As Ben Stokes dragged himself back to the dressing-room – muttering darkly, shaking his head – it felt not so much like the end of England’s World Cup as the end of an era.
Stokes had just pulled Lahiru Kumara to deep midwicket for a hit-and-miss 43 off 73 balls, and soon England were all out for 156. Sri Lanka knocked off the runs for the loss of two wickets in a mismatch lasting 59 overs. It was damning reflection of England’s fall from grace.
Mathematically, Jos Buttler’s team are clinging on by their fingernails. By any other measure, they are out – not just beaten by a motivated Sri Lankan side led by the former England coach Chris Silverwood, but spanked, pulverised and humiliated.
This was a result which managed to be both their worst nightmare and fully in keeping with the shambolic nature of their title defence. And it raises serious questions about the ability of head coach Matthew Mott and captain Jos Buttler to get the most out of a talented but ageing bunch of cricketers. Even last year’s T20 triumph in Australia feels an age ago.
Never before has an ODI team been stocked purely by 30-somethings, as England were last night. The end of a few 50-over careers has just been hastened.
England suffered yet another dismal defeat in the Cricket World Cup to Sri Lanka today
This is England’s fifth successive defeat to Sri Lanka at the World Cup since 2007
Managing director Rob Key said on Tuesday that England needed time to ‘let the dust settle’. But that was before their latest horror show, and the dust is settling at an alarming rate.
Some of those multi-year central contracts look less clever now. In fact, the only England player to hit a six or take a wicket was David Willey – the one member of the World Cup squad to miss out on a new deal.
Ever since England lost to Afghanistan, the talk has been about reconnecting with the white-ball giants who still – at least for a few more weeks – have both World Cups in their cabinet. Mott himself, Buttler, Stokes, Joe Root, Moeen Ali have taken turns delivering a message that has been repeated so often it has lost all meaning.
Because let’s be honest, England’s entire strategy can be boiled down to an old maxim: it’ll be alright on the night. It turns out not to be a basis for a coherent World Cup.
They played 42 ODIs between the end of the last tournament and this one, having played 88 between the disaster of 2015 and the triumph of 2019. They rarely picked their best XI, pushing the 50-over format into third place in the pecking-order behind Tests and T20 – fourth place, if you count the Hundred.
They made a hash of the build-up, leaving the players on tenterhooks when it emerged the World Cup 15 was not as final as they had been told. Even here in India, picking the team has felt more like a game of pin the tail on the donkey.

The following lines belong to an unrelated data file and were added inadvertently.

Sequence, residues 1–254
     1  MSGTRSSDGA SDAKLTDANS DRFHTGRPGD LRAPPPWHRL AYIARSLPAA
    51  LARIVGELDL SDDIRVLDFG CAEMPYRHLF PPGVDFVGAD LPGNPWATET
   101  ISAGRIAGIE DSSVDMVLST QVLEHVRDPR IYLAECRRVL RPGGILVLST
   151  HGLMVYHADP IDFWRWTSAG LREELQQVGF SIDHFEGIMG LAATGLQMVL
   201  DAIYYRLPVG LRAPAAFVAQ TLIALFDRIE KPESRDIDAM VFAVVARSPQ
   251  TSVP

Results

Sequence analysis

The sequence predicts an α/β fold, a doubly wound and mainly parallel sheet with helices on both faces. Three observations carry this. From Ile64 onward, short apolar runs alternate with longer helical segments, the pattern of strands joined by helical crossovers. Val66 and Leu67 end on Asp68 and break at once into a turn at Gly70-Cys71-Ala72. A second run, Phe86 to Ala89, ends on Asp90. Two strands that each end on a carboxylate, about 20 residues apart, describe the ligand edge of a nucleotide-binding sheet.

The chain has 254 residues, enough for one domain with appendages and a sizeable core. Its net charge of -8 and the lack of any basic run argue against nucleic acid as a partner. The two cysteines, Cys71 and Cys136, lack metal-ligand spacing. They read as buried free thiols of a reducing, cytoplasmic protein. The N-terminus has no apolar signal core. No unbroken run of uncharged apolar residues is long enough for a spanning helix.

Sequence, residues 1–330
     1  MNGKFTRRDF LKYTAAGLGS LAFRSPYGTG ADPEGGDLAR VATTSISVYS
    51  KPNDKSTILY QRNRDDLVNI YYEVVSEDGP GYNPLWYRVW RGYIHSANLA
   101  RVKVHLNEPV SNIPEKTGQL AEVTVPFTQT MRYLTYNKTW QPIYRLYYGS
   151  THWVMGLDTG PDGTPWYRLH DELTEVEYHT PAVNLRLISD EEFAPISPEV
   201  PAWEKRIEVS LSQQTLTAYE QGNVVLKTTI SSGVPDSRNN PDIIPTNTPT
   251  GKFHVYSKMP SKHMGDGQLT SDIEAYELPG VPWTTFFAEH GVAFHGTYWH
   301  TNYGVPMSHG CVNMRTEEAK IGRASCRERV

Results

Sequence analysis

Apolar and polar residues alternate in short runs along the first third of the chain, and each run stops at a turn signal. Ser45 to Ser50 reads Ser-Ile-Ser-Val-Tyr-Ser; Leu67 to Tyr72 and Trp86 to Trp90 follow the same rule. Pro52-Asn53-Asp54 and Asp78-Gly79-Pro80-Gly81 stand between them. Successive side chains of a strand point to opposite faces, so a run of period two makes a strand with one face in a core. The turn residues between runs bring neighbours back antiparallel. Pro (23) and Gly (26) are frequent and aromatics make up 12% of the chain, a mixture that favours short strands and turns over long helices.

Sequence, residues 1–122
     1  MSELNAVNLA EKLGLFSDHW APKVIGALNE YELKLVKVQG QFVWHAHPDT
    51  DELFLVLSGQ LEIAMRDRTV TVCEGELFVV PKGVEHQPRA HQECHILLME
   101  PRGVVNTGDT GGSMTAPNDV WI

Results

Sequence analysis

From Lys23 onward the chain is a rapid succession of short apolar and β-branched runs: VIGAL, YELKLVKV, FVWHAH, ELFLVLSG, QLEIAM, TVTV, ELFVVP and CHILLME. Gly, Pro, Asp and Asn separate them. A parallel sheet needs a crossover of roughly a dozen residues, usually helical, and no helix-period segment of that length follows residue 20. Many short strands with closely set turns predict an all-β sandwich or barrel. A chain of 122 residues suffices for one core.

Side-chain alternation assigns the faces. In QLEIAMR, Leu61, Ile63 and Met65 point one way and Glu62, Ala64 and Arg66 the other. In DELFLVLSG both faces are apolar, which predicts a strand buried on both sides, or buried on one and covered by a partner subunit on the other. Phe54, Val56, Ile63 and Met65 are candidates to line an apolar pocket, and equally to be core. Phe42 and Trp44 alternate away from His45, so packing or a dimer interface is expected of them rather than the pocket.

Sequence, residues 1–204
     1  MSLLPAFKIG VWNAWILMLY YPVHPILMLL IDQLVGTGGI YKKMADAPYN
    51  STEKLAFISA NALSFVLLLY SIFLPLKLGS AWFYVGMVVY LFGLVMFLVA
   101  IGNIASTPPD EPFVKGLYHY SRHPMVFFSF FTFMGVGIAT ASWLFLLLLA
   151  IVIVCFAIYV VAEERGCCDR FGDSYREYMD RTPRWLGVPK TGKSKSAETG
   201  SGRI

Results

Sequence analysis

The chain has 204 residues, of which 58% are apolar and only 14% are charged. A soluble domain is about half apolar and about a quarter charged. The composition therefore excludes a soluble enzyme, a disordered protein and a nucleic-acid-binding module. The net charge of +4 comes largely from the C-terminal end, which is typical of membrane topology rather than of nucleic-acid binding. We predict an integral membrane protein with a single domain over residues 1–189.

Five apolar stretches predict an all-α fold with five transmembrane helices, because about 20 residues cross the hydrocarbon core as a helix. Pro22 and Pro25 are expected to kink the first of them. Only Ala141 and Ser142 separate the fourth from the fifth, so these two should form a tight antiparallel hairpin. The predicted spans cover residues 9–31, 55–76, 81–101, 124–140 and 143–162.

The un-retirement of Stokes was reasonable enough, vindicated by his national-record 182 off 124 balls against New Zealand at The Oval. But it also said something about the last-minute nature of the planning. Then, of course, he injured his hip.
Chris Woakes of England scored a duck in his innings before failing to take any wickets
Buttler had little choice but to bat after winning the toss, having been stung by fielding against Afghanistan and South Africa. And, briefly, Dawid Malan played as if he had heeded the pleas, smashing six fours as England moved to 45 without loss in the seventh over.
But when he provided the returning veteran Angelo Mathews with his first ODI wicket for three and a half years, England reverted to the timidity that has typified their campaign.
Root was run out for three after setting off for a non-existent single, and has now made 16 off 33 balls in three innings since starting with a pair of half-centuries. Bairstow played an uncharacteristic smear to mid-on, and Buttler edged a booming drive. Stokes, meanwhile, could barely get it off the square until he connecting with a few.
Liam Livingstone, lucky to be recalled, played round a full one from Kumara, and has now made 31 runs in four innings. Moeen, who had urged England to go down swinging, cut to backward point.
The fiasco was summed up when Adil Rashid dawdled out of his crease at the non-striker’s end as wicketkeeper Kusal Mendis quick-wittedly threw down the stumps. For the first time, England had been bowled out for below 200 in successive World Cup games.
Willey raised a scintilla of hope with two early wickets, but it was snuffed out by Pathum Nissanka and Sadeera Samarawickrama.
Four defeats equals England’s worst World Cup haul, and their next opponents – in Lucknow on Sunday – are India. The fast-improving Australians also lie in wait. Soberingly, things could get even worse.